(Inside Science) -- In tropical waters amid the tangled roots of mangroves, there are places where the water itself can sting. At least, that's how it seems to human swimmers, who may leave such places covered in rashes despite taking care not to touch anything.
The culprit behind so-called stinging water is a type of jellyfish that spends most of its time upside-down on the ocean floor. When these jellyfish feel disturbances in the water, they release large amounts of mucus. Now, researchers have discovered that the mucus is full of tiny defenders that can swim under their own power and survive for up to 10 days.
Jellyfish sting using microscopic harpoonlike structures called nematocysts. Nematocysts can sting even when removed from the jellyfish, so marine biologist Allen Collins had long assumed that stinging water was caused by nematocysts floating loose. But when Collins, biologist Cheryl Ames, and their colleagues examined jellyfish mucus, they saw something much more complex.
"They are these little sort of lumpy asteroid-shaped things, and all the protruding bumps are loaded with nematocysts. And so it was sort of obvious instantaneously, 'Ah! that's what happens. That's how they do it,'" said Collins, who works at the Smithsonian National Museum of Natural History and the National Oceanic and Atmospheric Administration in Washington.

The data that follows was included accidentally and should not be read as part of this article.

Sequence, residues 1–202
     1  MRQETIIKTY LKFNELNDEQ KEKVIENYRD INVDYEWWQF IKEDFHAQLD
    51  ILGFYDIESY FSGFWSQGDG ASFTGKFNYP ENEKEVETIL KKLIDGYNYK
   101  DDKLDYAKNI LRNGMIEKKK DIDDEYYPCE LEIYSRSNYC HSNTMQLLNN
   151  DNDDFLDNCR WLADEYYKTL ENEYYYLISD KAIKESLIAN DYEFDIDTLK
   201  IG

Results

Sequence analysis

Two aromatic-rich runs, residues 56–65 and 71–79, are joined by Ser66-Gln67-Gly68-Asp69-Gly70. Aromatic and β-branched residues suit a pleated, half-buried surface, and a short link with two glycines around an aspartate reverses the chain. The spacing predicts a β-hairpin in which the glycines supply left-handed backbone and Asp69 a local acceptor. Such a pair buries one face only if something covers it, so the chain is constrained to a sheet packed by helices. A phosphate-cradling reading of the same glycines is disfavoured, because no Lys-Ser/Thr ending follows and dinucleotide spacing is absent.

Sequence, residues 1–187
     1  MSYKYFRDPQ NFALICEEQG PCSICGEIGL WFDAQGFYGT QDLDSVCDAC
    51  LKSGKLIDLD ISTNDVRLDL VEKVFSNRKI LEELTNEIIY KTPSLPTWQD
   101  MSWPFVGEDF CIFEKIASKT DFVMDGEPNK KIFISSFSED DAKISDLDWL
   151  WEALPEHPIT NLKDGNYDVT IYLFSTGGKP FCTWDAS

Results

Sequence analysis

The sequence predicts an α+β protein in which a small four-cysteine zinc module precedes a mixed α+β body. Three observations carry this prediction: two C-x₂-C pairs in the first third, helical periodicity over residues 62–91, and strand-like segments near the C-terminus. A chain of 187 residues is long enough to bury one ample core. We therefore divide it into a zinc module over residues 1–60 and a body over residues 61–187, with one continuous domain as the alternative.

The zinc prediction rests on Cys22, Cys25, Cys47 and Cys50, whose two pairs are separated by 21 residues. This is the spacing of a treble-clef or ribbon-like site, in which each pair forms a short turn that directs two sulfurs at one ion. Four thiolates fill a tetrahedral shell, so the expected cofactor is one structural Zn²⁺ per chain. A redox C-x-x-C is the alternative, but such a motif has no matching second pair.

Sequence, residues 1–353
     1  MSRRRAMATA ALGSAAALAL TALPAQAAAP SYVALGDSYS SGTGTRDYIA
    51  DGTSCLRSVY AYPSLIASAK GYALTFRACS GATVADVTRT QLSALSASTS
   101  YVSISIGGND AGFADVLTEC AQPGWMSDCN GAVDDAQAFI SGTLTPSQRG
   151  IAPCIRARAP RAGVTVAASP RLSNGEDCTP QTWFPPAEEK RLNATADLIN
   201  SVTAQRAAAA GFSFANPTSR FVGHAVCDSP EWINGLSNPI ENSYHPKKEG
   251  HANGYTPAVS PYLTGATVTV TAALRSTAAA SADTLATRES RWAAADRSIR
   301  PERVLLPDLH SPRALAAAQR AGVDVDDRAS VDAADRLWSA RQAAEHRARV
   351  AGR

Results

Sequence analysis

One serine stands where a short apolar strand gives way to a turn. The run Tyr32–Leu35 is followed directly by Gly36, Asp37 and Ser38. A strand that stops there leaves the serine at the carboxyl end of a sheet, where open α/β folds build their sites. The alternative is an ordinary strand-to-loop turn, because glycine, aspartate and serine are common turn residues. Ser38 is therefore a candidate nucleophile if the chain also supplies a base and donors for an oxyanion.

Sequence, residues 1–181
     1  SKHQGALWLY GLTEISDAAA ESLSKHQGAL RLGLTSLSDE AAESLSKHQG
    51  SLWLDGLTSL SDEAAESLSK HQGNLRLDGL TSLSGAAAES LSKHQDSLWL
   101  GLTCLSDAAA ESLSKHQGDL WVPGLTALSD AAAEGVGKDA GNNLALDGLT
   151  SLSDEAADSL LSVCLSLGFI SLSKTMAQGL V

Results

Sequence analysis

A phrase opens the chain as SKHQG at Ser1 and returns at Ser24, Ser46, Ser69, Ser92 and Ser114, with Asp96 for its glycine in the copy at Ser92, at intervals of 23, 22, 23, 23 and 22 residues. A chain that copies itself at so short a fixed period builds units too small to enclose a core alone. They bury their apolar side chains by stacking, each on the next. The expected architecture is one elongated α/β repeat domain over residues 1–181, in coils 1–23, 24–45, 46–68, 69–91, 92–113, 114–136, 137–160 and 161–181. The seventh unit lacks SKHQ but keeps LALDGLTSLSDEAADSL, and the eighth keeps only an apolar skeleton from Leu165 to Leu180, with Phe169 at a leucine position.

In a paper published today in the journal Nature Communications Biology, the researchers named the structures "cassiosomes" and likened them to mobile grenades.
An upside-down jellyfish at the National Aquarium in Baltimore. When disturbed, these jellyfish produce mucus containing stinging balls of cells called cassiosomes.
Image Credits: National Aquarium
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In addition to nematocysts, cassiosomes are covered in whiplike structures called cilia. The cilia propel cassiosomes on a slow, bumbling dance through the water. It's not yet clear what purpose these movements serve, said Collins.
Inside each cassiosome is a hollow space containing specialized jellyfish cells full of symbiotic algae. Upside-down jellyfish use symbiotic algae to get energy from sunlight, so it's possible cassiosomes get energy from algae too, although this has not been tested, said Collins.
The researchers suspect that cassiosomes help defend upside-down jellyfish from predators. They may also help the jellyfish hunt, as any small creatures killed by cassiosomes would likely fall onto the jellyfish's frilly oral arms.